Attending my college has been a dream of mine since I was 7 years old. Twenty years later, after a few detours, I completed my Associate of Arts degree and applied to my university as a transfer student. I will never forget the call I received from Ginger in the admissions office telling me that I had been accepted! I was elated! But there was one problem. My husband is an active-duty soldier, and I had to somehow convince the US Army to move us from our current duty station to somewhere closer to my school, not an easy task. My husband requested to be placed on special duty as a recruiter and subsequently was, but we still had to get placed near my school. First, I spoke with a sergeant who was a recruiter near the school who said he could assist us in getting stationed in the area, but I soon learned he had no control over where people were placed. But I didn’t let that roadblock stop me. I then wrote a letter to the sergeant in charge of regional recruiting to request his assistance. After a week of no response, I sent a letter to the general in charge of ALL recruiting. I then contacted my congressman to request that he write a letter to the army on my behalf. The congressman was happy to help. About a week later, the congressman called to tell me that my letters had made their way to the Pentagon and to call Ginger and let her know I would be attending school in the fall! I was elated!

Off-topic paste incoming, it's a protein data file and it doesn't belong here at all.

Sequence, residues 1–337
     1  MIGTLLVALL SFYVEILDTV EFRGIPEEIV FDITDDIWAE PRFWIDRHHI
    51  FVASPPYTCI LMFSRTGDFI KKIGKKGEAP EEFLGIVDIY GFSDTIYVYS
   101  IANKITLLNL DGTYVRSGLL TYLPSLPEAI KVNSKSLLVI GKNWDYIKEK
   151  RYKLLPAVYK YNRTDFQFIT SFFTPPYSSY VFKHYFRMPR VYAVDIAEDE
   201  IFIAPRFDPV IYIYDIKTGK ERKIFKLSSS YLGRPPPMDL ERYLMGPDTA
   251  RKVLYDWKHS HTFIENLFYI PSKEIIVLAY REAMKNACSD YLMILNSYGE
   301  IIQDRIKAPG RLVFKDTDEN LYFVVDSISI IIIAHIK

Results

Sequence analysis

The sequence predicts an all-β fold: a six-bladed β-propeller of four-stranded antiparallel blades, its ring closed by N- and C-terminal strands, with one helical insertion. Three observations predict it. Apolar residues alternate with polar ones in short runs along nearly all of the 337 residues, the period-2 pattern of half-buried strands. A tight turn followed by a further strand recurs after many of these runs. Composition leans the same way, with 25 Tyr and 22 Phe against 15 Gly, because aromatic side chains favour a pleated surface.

The summer before my senior year of college, I moved to the Mississippi Gulf Coast to live with my aunt and uncle. I wanted to get away from my annual routine, experience a new place, and make some money. My uncle is a general contractor and builds high-end custom homes for various people in the Gulf area. That summer I was employed as a general laborer, and it was the hardest physical work I have ever endured for the lowest amount of pay I have ever earned. I met some rough men and had to deal with a daily barrage of insults and derogatory language. However, I worked through the 104-degree days in 90 percent humidity. It was a learning experience. Although the work was hard, and the company was unpleasant, I learned a lot. I learned to work hard, but to look at the bigger picture. I never thought about quitting and going home, although it was always an option. I stuck it out, made some friends, and made some money. I had made a goal and made it happen. My summer in Mississippi made me better.